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RBYC News & Updates 28.08.2020

From General Committee

A couple of weeks ago this trophy came to our attention from someone outside the club – does anyone know anything about it? It says “ R. B. Y. C. – B Troop – For The Best Shot In The Troop. 1876”. Is this a different RBYC? My googling couldn’t find one. Fascinating.

The photo shared in the newsletter last week got me thinking that our club’s history, both recent and long-standing, builds relationships between us. While we don’t have much activity right now we have history to bind us together. Even those who have joined the club recently will have memories of adventures to share, whether that be a “hairy” Wednesday night squall, a leisurely cruise to Queenscliff or a beer with friends on the deck.

People are united by a shared past.  The 75th anniversary of World War 2 has prompted 

moving and incredible stories to be told.  Many of our members have childhood memories of that time. My late father’s stories of his childhood in Holland during the war have stayed with me. 

How will future historians view the current time? The current restrictions are experienced differently by all of us, and there are varying opinions on how long they will last.  For some, this situation feels like a temporary inconvenience, for others a life changing event. We do know the world will never be the same. Based on what’s happened before, we are hopeful of a new exciting future to embrace rather than a substandard replica of the past. We can’t see exactly what that looks like yet, but are looking forward to finding out. I do hope to see you at the club and on the water in the coming months!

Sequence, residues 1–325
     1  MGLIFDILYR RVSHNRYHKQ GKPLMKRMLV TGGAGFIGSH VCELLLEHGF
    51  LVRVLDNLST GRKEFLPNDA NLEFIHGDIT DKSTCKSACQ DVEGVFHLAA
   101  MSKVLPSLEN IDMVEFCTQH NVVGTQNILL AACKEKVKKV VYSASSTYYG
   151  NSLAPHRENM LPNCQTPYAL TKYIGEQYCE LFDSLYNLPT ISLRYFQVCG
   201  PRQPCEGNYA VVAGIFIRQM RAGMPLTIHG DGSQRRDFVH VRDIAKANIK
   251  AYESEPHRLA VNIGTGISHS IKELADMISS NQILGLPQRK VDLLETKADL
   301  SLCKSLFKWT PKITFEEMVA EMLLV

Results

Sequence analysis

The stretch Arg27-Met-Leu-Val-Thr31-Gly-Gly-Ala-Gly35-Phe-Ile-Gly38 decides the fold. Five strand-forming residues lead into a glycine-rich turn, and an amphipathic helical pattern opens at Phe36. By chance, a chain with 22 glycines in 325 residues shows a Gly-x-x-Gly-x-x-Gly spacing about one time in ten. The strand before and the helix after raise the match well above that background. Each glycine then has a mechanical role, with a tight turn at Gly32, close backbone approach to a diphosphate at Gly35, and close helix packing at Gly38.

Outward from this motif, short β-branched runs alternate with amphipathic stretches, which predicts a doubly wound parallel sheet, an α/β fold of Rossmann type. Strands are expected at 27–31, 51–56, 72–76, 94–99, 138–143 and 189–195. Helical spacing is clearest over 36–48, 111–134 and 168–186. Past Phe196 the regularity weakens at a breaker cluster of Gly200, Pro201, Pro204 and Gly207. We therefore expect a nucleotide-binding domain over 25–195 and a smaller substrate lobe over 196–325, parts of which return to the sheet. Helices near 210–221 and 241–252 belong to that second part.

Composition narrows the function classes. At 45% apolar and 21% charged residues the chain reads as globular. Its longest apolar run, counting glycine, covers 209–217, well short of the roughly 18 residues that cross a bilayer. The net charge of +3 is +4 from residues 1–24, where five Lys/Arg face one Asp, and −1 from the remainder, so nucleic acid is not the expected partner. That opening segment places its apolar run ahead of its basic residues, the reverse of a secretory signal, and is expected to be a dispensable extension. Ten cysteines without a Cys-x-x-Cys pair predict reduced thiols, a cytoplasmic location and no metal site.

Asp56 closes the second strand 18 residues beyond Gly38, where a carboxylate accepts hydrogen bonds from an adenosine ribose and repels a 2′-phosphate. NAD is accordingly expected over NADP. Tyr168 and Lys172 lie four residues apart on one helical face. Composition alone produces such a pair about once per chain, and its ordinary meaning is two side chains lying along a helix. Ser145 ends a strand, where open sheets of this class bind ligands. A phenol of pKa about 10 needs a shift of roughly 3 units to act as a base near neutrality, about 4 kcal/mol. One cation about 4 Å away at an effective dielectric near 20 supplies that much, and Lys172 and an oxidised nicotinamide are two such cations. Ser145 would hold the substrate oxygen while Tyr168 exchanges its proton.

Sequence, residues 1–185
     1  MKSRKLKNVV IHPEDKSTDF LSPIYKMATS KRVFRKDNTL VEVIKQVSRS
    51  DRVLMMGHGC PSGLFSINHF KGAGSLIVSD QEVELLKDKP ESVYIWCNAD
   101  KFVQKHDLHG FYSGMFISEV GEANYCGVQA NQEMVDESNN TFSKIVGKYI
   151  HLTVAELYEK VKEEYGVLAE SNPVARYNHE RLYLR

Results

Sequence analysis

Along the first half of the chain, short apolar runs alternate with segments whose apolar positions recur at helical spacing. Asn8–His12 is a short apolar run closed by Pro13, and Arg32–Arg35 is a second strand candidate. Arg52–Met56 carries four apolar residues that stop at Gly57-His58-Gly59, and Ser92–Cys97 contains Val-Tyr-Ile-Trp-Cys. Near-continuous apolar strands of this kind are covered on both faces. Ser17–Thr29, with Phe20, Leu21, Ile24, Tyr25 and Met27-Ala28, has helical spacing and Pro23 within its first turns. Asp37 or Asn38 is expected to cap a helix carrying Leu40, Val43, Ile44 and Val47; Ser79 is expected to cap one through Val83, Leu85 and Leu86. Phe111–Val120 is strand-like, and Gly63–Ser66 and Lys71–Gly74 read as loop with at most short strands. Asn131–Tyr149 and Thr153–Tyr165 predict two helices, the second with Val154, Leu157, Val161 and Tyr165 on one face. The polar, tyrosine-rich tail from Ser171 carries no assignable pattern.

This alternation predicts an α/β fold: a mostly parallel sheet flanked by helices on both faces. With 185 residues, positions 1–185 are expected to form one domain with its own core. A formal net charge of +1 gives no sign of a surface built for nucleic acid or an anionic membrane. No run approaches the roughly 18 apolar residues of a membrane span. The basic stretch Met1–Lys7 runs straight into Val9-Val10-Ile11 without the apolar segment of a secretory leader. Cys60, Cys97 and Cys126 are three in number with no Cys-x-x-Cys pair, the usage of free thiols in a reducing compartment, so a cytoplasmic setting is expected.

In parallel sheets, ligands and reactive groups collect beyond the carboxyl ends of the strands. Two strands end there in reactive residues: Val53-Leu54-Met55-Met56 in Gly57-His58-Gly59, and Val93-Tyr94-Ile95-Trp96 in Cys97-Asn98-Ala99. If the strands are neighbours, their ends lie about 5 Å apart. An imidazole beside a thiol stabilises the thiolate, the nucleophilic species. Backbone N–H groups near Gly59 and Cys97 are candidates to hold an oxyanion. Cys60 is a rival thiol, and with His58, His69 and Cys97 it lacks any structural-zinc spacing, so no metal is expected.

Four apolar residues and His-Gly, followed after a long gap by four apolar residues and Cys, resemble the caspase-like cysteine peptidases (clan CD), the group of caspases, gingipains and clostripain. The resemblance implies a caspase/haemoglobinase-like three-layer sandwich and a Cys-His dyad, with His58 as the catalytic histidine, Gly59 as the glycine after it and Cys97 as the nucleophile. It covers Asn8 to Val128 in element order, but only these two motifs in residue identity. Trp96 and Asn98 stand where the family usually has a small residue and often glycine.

Niesje Hees
RBYC General Committee

Diver Below

A recent incident where a swimmer snorkelling off Brighton Beach was hit by an RBYC keelboat highlights the problem of boats and swimmers sharing the same stretch of water. The incident fortunately didn’t result in any injuries but was a reminder of the need for vigilance.  

At the club, boat owners are well aware of Icebergers swimming in and around the marina although they are sometimes difficult to spot, especially in open water if the seas are up, or early and late in the day when the sun is low on the water. Icebergers can help by wearing flouro caps while swimming as dark caps, or no caps, are difficult to spot. Divers can help by making sure that code flag A is well displayed. It is probably worth noting the types of floats that divers often use. They are generally attached to an orange buoy with the flag bouncing around in the waves, so if you do see a small orange buoy, check carefully as there may be a flag attached.

So each of us have some responsibility in avoiding incidents:
•    Boat owners – be aware of swimmers, both Icebergers and divers displaying code flag A
•    Icebergers – wear flouro caps while swimming
•    Divers – make sure that code flag A is visible at all times

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